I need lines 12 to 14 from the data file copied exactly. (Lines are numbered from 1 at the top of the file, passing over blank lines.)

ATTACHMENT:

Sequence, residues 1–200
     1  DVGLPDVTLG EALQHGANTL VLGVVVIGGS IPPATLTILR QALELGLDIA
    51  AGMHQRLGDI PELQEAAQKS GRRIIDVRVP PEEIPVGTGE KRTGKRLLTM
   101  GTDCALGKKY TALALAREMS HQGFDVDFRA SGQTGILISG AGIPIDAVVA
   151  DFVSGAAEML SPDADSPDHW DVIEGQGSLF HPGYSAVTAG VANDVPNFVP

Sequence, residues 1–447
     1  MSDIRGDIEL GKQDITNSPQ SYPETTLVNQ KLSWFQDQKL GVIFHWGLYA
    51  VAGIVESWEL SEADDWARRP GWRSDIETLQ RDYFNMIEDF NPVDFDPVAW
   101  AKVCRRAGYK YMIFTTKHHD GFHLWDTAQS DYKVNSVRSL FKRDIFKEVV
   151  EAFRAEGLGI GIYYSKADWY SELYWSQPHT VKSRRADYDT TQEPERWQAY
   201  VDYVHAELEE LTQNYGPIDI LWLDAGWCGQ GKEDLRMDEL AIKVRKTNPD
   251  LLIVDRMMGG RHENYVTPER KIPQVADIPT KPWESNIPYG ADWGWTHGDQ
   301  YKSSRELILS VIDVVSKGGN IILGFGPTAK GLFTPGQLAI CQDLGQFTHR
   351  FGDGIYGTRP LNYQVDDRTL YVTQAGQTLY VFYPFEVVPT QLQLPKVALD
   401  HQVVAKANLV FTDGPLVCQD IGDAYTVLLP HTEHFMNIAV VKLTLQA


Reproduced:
   251  LLIVDRMMGG RHENYVTPER KIPQVADIPT KPWESNIPYG ADWGWTHGDQ
   301  YKSSRELILS VIDVVSKGGN IILGFGPTAK GLFTPGQLAI CQDLGQFTHR
   351  FGDGIYGTRP LNYQVDDRTL YVTQAGQTLY VFYPFEVVPT QLQLPKVALD